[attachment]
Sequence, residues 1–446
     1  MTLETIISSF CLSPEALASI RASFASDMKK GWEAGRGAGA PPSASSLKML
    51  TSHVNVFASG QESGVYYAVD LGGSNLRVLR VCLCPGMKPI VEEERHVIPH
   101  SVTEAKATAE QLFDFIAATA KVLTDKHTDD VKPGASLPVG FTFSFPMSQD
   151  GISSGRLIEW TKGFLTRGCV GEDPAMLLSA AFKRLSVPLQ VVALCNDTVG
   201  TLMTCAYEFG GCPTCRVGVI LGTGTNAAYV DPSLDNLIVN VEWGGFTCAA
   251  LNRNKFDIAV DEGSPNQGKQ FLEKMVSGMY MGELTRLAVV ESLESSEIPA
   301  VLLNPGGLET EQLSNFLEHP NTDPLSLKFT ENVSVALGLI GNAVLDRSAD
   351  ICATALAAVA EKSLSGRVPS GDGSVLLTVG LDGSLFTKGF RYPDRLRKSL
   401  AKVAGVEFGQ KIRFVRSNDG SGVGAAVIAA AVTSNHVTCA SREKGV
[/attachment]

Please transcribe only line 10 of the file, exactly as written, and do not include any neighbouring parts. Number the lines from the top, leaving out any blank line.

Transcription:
   401  AKVAGVEFGQ KIRFVRSNDG SGVGAAVIAA AVTSNHVTCA SREKGV